Barbara La Marr: Too Beautiful, With a Pretty Crazy Life

When a woman is tagged “too beautiful”, my first instinct isn’t one of pity.  So normally Barbara La Marr’s soubriquet – “The Girl Who Was Too Beautiful” – would generate more eye-rolling than sympathy.  But although the phrase was meant to describe her dangerous effect on the opposite sex, the only real victim of her beauty was Barbara La Marr herself.  Largely unknown today, Barbara La Marr was a famous movie star of the silent screen, as well-known for her off-screen exploits as on.  But in on-screen and off-screen paradigms where beautiful women fit into two neat little boxes – naive ingenues needing protection and knowing vamps we need protection from– Barbara was unfairly vilified.

Born with the fairly un-vampy name Reatha Dale Watson, Barbara’s father was a writer-newspaperman-irrigationist.  (How’s that for a multi-hyphenate?)  As Sherri Snyder writes on her website devoted to Barbara La Marr, “She immersed herself in his extensive book collection from an early age, further honing her innate intellect.  Reatha also uncovered an inborn talent and abiding passion for writing.  Bolstered by her father’s encouragement, she first composed little verses and soon found great joy in penning fantasy-like tales.  She made up her mind then and there, she later related, to become a great actress.” Reatha was the kind of girl who, when she made up her mind, she made it happen.  #goals She spent her childhood performing with stock companies in a variety of plays.  But in 1910, when our girl turned 14 she turned to the silver screen.  The motion picture industry was still new, but prescient Reatha just knew that this was going to be her jam.

Turns out becoming a movie star, even in the nascent world of movies, wasn’t all that easy.  So, our heroine found a way to star in some major drama in RL.  Sherri Snyder writes:

“In 1913, sixteen-year-old Reatha starred in a real-life drama that rivaled the offerings at the local movie houses.  It began when she inexplicably vanished from her family’s Los Angeles apartment following an encounter with her estranged half-sister.  Presuming the worst, her father charged to the police station and reported Reatha kidnapped.  Stolen, he told authorities, by her half-sister and her half-sister’s married boyfriend.  A massive search for Reatha ensued, encompassing multiple states and spawning sensational headlines.  The saga continued when Reatha reappeared—unharmed—, telling the district attorney and reporters of having experienced what she described as the most horrible ordeal of her life.  Yet testimony given by her half-sister, her half-sister’s boyfriend, and certain witnesses at the preliminary hearing revealed that Reatha’s story was not all it seemed.  A judge ultimately halted the matter from proceeding to trial, citing a lack of supporting evidence against Reatha’s so-called kidnappers.”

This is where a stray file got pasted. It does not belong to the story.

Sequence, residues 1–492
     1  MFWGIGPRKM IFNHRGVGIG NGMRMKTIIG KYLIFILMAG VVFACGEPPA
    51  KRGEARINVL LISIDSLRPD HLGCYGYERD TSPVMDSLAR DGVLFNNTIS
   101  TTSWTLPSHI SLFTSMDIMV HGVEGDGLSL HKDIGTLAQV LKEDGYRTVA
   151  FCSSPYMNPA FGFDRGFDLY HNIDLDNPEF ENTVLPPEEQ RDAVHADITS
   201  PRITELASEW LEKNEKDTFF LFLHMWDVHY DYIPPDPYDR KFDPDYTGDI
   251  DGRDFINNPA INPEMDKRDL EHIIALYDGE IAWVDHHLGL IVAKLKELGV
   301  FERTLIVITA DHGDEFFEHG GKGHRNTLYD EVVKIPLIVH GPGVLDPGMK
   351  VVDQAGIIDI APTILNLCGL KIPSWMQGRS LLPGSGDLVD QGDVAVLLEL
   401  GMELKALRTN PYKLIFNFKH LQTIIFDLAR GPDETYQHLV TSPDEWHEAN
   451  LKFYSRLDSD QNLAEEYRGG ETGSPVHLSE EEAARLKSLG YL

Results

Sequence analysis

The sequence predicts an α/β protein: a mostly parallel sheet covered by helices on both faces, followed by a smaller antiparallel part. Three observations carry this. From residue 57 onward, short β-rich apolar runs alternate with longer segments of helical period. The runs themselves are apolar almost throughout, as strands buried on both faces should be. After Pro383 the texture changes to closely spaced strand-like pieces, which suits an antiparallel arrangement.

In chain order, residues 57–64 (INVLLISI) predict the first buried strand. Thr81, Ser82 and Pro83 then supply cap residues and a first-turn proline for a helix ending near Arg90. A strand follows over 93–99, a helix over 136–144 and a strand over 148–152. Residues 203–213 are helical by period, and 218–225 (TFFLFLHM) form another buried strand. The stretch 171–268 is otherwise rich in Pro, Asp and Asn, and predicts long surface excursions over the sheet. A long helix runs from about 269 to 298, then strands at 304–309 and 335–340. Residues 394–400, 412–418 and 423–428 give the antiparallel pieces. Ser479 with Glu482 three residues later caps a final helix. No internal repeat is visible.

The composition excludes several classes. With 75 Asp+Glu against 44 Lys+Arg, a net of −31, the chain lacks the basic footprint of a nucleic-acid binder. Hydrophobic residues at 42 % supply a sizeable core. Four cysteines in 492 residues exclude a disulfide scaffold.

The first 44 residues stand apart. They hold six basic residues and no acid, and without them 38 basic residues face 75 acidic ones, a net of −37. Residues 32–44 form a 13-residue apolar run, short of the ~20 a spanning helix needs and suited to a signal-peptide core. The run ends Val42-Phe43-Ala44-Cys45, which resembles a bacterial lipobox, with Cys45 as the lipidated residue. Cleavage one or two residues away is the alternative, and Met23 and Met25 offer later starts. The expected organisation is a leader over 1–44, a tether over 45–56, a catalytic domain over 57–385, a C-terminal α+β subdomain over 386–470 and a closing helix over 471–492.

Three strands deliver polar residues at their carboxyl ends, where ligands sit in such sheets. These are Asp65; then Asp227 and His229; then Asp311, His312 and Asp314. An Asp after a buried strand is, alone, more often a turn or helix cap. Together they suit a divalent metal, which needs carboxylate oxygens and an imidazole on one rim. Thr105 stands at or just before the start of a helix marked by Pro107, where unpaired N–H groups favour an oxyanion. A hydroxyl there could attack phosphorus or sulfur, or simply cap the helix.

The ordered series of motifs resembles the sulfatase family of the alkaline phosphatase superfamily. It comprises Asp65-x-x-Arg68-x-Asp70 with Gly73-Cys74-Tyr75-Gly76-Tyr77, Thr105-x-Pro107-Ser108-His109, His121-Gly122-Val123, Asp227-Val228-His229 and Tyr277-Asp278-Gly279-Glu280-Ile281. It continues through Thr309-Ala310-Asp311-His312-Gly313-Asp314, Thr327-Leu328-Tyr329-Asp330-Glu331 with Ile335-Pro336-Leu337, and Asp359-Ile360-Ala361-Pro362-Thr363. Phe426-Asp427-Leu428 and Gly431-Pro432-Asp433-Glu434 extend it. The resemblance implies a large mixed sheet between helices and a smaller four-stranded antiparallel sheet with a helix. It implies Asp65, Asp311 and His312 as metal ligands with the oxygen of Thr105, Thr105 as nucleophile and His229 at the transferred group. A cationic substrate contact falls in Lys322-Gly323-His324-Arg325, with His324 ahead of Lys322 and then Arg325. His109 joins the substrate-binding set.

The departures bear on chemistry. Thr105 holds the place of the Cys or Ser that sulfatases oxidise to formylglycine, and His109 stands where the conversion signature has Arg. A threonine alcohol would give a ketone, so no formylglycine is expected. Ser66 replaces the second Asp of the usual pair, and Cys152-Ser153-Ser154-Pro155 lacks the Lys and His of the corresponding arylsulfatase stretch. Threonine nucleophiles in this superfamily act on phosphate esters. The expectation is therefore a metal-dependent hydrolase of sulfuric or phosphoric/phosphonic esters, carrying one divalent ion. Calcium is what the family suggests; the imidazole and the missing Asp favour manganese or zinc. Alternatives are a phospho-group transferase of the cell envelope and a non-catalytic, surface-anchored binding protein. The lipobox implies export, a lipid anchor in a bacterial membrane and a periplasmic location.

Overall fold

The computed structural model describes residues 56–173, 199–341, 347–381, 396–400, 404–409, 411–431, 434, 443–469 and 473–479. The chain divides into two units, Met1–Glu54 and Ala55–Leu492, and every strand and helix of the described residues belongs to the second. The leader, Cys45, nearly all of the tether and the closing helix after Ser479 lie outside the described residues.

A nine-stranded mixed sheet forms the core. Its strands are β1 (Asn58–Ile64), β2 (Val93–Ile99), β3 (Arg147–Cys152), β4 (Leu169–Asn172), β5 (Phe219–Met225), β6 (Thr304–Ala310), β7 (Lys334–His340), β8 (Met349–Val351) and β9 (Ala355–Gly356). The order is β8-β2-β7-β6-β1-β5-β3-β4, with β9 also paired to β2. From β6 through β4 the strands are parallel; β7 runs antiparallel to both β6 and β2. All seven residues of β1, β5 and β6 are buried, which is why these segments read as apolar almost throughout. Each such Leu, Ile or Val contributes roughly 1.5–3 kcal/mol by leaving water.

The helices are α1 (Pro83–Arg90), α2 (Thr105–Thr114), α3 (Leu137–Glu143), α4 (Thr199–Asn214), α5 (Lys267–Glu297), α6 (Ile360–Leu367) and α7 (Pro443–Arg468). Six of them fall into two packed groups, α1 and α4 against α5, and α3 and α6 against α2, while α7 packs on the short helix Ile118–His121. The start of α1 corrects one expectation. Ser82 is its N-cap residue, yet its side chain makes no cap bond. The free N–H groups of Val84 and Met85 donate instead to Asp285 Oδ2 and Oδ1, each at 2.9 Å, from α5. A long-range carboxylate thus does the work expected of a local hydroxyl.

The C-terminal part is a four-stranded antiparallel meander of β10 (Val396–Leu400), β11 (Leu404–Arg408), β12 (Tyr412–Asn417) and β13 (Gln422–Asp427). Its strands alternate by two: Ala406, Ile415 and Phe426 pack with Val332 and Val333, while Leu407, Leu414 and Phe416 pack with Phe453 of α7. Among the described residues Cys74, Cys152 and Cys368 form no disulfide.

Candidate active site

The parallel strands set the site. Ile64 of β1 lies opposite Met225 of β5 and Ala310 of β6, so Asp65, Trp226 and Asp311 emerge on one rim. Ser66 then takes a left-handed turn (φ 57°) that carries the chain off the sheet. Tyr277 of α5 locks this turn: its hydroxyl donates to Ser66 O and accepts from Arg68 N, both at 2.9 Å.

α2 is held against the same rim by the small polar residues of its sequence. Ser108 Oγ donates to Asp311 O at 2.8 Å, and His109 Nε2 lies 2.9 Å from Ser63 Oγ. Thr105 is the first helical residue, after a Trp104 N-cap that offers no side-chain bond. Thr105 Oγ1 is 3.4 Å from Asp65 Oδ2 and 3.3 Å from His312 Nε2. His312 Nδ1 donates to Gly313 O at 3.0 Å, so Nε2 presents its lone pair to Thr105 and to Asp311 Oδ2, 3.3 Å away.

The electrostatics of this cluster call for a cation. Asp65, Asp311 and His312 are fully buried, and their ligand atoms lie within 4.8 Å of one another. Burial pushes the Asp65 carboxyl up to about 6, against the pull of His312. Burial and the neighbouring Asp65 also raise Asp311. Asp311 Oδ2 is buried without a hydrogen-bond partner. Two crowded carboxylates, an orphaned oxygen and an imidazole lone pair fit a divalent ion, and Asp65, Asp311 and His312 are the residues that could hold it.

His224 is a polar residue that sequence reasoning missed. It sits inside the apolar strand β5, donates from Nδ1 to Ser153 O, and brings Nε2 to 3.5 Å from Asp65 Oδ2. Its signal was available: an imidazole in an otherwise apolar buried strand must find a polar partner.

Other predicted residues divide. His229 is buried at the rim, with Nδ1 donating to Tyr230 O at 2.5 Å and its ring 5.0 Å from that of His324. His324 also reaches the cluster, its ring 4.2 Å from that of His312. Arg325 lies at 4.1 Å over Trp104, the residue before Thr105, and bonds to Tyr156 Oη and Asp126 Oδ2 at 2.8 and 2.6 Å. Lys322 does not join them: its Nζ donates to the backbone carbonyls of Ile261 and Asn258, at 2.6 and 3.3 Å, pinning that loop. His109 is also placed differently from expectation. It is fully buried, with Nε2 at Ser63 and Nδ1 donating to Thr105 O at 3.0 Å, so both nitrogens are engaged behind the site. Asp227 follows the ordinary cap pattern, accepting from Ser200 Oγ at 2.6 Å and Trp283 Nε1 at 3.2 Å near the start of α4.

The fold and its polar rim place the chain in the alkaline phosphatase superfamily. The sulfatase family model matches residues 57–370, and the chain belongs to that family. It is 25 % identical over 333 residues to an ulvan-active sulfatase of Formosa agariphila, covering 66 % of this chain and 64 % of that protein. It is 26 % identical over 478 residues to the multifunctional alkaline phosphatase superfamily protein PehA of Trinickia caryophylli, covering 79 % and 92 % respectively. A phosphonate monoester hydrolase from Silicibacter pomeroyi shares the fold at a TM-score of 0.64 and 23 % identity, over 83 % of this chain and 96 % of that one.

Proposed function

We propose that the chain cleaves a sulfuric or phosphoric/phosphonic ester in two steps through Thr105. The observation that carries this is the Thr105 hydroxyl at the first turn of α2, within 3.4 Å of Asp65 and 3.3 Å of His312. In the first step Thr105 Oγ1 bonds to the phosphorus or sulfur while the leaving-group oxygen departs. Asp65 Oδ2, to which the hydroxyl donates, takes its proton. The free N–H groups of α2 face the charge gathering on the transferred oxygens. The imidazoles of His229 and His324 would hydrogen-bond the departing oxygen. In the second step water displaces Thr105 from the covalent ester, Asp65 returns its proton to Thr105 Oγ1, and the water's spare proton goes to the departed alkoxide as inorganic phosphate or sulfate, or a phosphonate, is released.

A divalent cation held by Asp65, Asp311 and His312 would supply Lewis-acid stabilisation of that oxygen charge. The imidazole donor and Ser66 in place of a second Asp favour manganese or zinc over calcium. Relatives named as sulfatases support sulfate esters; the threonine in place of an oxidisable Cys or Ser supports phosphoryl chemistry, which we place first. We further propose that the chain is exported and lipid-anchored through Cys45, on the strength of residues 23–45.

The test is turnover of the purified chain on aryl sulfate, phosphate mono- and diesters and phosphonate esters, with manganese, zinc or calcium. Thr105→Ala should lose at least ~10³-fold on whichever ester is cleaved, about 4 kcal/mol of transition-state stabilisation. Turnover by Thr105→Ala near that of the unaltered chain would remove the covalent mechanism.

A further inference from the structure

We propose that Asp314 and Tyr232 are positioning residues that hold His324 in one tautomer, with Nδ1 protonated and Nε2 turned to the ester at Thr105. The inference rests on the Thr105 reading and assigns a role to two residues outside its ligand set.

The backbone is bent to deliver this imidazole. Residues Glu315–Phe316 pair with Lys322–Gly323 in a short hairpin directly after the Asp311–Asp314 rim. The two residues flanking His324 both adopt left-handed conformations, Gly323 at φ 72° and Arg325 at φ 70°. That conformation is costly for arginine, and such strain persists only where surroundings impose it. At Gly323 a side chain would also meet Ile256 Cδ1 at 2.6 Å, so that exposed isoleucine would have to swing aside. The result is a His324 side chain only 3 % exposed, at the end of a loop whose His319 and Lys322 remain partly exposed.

As dumb luck (or gullible people) would have it, Reatha was involved in a second kidnapping attempt just a few months later.   She told friends that while she was away with her family she had been married and widowed.  She claimed her groom was Jack Lytelle, a rich and handsome rancher.  After she refused his many marriage proposals, he got desperate.  Allegedly (cough cough), one day when she was out riding her horse in the desert, he rode up to her in his car and pulled her from atop the horse into his car.  (Ahem.) Against her will, he drove them to  Mexico and forced her to marry him.  As if that weren’t bad enough, two months into their happy (?) marriage, while her good-looking kidnapper/lothario was away on business she got a letter saying Jack had tragically been struck down with pneumonia.  Attending business at another ranch, she said, she received a letter from a mutual friend, informing her of his sudden death from pneumonia.  (Um…if you ask me, I’m not sure Reatha’s penning of “fantasy-like tales” ended with childhood.  But hey, it might be true.  Anyway, mad respect to her for either her imagination, persuasive powers getting people to believe this stuff – OR, for being so young and having endured and survived some serious ass shit.)

This turban is everything!

Anyway, après widowhood, Reatha took to dancing in Los Angeles’ many cafes and cabarets.  She was good at all the latest  dance crazes, and she was a very good-looking girl, so despite her being underage she was welcome in all the hottest places, and welcome to their liquor. However, when her writer-reporter-irrigationist dad heard what his little angel was up to, he got LA’s finest to force his daughter to come back home.  The juvenile officers deemed Reatha “too beautiful” for the city, and she was sent back home.

But remember our girl’s good looks weren’t the only things powerful and persuasive about her.  If the powers-that-be said she was forbidden to live in Los Angeles without her parents, she’d simply get her parents to move back there with her.  Still only 17, but champing at the bit to be on her own and extricate herself from her parents’ grasp , she leapt into marriage with Lawrence Converse, a garage manager she’d known for, wait for it, a week.  The day after the wedding Reatha finds out hubby already had a wife!  #Doh Lawrence said he had no memory of marrying Reatha!  (Right??!)  Anyway, herecomes the good/sad part.  As Sherri explains: